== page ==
Alternatives to incarceration are programs and diversionary systems that allow convicted criminals to stay out of prison. While the concept is not universally lauded, some legal experts believe that alternatives to incarceration are less expensive to the community, prevent prison overcrowding, and afford more opportunities for true rehabilitation than prison. Some of the most popular alternatives to incarceration include probation, community service, reparations, and court-ordered addiction treatment or therapy. In most regions, alternatives to incarceration are available at a judge's discretion, and are mostly reserved for non-violent offenders.
Probation is a long-standing alternative to jail that may be granted instead of prison, or following a prison term. A probation sentence may require that the offender has regular meetings with a probation officer, submit to drug and alcohol testing, actively seek work, and participate in any court-ordered programs, such as alcohol addiction counseling. Sometimes seen as a halfway measure, probation can also be used to help ease offenders back into a legal lifestyle after a prison term.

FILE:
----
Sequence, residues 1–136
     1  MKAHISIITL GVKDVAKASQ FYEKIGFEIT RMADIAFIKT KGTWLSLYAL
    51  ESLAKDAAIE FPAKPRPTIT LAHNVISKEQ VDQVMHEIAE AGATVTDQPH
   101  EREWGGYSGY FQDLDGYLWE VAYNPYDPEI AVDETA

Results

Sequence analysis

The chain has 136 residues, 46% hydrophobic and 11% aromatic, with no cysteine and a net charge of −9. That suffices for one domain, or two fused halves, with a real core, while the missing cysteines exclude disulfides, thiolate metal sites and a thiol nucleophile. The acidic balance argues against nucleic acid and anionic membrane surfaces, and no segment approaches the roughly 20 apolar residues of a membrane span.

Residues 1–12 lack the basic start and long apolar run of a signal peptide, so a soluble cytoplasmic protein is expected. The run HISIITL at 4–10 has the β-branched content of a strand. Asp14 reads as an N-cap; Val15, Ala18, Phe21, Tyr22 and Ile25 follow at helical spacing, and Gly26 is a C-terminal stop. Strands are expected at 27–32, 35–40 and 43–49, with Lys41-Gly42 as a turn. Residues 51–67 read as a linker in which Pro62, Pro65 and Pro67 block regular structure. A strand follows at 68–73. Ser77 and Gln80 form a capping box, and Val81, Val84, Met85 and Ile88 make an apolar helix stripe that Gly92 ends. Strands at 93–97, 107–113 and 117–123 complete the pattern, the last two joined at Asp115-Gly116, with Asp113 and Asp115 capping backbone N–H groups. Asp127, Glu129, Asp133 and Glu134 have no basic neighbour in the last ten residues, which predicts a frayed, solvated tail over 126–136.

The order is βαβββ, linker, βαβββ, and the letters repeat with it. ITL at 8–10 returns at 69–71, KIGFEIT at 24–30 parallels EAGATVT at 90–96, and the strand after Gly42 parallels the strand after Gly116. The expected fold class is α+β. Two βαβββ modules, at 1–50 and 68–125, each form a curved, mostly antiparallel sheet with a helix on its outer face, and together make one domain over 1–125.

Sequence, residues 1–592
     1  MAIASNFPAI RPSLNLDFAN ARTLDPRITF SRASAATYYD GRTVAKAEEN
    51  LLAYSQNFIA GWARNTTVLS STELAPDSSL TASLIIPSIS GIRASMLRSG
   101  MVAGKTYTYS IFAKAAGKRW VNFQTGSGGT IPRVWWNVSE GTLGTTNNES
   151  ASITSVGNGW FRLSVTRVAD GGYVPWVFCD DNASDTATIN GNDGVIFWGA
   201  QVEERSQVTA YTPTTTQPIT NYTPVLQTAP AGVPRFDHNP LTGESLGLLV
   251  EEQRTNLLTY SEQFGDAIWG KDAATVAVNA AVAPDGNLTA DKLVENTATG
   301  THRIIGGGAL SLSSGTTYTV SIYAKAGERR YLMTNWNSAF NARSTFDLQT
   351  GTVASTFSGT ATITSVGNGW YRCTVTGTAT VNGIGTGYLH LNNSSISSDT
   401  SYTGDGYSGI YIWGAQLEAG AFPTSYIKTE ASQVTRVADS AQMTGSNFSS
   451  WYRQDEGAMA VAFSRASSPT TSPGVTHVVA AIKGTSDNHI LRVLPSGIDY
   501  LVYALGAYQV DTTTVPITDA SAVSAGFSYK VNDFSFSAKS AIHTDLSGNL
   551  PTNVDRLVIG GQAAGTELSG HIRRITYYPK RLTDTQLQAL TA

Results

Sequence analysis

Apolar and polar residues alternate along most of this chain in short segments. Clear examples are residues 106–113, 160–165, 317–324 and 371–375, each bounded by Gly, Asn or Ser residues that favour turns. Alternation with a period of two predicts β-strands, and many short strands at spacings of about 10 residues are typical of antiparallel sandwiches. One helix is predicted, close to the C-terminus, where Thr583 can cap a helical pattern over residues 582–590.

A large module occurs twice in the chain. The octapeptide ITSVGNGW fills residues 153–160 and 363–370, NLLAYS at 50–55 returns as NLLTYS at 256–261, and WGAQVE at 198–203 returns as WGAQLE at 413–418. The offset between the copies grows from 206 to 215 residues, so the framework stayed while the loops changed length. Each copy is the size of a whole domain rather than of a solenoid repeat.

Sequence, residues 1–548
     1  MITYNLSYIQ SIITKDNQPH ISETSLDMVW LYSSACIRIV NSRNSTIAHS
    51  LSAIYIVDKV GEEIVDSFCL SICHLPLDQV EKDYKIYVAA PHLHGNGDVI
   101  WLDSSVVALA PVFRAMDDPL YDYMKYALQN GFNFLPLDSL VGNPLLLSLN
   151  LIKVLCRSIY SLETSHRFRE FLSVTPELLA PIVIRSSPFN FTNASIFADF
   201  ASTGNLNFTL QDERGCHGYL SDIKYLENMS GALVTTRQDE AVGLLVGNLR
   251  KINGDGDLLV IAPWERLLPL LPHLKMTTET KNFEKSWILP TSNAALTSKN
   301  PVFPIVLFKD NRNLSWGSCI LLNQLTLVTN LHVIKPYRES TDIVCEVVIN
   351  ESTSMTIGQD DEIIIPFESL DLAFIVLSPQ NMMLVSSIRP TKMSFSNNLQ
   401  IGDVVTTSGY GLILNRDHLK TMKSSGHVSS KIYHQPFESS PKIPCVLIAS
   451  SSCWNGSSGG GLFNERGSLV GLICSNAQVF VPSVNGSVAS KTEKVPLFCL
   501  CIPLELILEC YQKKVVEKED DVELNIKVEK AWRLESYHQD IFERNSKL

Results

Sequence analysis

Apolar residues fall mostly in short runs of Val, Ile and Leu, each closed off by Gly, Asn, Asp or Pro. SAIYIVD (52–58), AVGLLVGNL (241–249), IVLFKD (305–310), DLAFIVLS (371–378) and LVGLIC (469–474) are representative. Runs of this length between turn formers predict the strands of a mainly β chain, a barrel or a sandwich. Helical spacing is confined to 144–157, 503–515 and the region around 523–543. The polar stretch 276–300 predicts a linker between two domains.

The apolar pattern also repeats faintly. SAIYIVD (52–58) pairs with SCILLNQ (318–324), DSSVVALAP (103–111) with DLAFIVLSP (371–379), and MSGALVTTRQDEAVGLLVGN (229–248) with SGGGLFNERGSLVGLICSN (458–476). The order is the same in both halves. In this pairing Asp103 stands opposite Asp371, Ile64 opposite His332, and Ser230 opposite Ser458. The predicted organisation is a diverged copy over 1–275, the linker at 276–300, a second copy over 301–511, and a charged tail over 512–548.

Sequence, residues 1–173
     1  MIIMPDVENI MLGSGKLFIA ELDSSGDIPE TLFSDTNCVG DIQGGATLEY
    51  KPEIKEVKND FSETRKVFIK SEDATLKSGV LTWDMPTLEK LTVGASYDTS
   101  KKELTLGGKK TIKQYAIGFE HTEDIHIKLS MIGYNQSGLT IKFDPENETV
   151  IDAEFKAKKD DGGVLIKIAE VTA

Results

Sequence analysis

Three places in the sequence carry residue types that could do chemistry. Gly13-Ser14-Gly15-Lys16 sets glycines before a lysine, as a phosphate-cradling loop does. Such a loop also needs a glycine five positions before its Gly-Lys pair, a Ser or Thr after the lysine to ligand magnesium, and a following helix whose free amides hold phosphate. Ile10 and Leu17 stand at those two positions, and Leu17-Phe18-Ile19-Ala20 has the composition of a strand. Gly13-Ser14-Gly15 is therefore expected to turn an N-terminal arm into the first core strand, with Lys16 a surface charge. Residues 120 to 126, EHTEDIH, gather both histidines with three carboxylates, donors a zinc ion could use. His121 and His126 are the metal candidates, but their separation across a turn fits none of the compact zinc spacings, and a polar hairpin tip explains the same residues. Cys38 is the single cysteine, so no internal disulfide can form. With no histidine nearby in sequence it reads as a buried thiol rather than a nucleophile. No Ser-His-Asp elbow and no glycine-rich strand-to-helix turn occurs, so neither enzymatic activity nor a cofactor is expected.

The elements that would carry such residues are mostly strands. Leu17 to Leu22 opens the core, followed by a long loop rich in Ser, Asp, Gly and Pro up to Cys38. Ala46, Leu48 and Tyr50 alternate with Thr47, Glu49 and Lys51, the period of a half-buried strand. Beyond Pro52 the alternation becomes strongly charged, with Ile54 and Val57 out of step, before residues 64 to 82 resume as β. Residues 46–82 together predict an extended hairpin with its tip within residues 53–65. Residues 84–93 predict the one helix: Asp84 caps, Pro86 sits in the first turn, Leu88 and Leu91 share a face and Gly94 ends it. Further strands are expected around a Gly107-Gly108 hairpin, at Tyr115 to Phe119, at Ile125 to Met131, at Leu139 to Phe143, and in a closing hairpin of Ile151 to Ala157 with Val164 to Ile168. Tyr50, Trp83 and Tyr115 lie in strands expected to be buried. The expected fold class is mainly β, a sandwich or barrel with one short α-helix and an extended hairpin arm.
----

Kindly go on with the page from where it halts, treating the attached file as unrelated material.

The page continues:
Community service and reparations are two alternatives to incarceration that help offenders make amends for the harm they have caused the community. In the case of reparations, the offender may be required to pay for damages or repair damaged property or possessions of victims. For instance, if a drunk driver drove through a person's front garden, he or she might be ordered to pay for the damages, or even rebuild the garden itself. Community service works on the same principle, but on a more general level, letting offenders repair some damage to the community through unpaid work.
The use of drug and alcohol diversionary programs as alternatives to incarceration is somewhat controversial, though supported by many in the medical community. Some experts suggest that rates of alcoholism and drug addiction might be better managed if addicts were treated as mental health patients rather than criminals, and given access to rehabilitation centers and treatment facilities instead of jail. With drug and alcohol diversionary programs, or court-ordered treatment, offenders may be sentenced to a voluntary or involuntary stay at a rehabilitation program, followed by regular drug and alcohol testing.
Court-ordered therapy may be given as an alternative to incarceration in family law cases or incidents where a person has committed a crime while experiencing severe levels of stress or grief. In addition to a prison alternative, this type of judgment is sometimes used to manage domestic violence cases or instances of child complaints that cannot be proven. In general, court-ordered therapy will only be considered if the offender has a clean record before the specific incident, and if there are external circumstances that may have caused abnormal behavior. A more extreme form of this type of alternative would include involuntary admission to a mental health facility, which may be done if the offender is judged to be suffering from severe psychological issues, or is not mentally competent to stand trial.